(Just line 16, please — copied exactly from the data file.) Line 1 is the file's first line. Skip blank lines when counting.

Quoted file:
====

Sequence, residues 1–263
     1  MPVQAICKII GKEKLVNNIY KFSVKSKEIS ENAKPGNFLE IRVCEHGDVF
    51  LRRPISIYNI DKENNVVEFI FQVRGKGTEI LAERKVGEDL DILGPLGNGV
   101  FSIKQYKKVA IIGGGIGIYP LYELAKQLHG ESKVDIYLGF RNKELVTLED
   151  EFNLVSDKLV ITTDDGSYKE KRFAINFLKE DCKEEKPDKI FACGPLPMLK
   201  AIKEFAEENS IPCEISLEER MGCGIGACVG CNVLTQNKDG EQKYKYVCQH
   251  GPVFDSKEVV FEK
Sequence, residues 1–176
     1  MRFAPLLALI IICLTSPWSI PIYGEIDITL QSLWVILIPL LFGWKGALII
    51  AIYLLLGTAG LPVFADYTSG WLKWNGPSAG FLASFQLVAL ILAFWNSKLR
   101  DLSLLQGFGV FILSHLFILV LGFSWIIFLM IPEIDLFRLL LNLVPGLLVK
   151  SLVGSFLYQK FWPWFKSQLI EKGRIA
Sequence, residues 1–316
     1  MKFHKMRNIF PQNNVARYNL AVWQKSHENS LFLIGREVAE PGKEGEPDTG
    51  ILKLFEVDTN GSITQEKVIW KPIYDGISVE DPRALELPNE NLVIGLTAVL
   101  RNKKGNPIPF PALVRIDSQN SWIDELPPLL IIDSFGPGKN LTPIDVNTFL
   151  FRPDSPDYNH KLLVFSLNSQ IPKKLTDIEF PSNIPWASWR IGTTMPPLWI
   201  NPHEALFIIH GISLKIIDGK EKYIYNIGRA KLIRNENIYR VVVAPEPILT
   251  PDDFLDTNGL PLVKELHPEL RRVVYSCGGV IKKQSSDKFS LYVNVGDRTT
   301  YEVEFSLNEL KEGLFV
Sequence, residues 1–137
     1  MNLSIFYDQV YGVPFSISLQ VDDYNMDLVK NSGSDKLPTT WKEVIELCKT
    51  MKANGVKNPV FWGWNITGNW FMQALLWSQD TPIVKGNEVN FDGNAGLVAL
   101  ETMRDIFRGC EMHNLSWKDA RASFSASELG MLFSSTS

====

   101  RNKKGNPIPF PALVRIDSQN SWIDELPPLL IIDSFGPGKN LTPIDVNTFL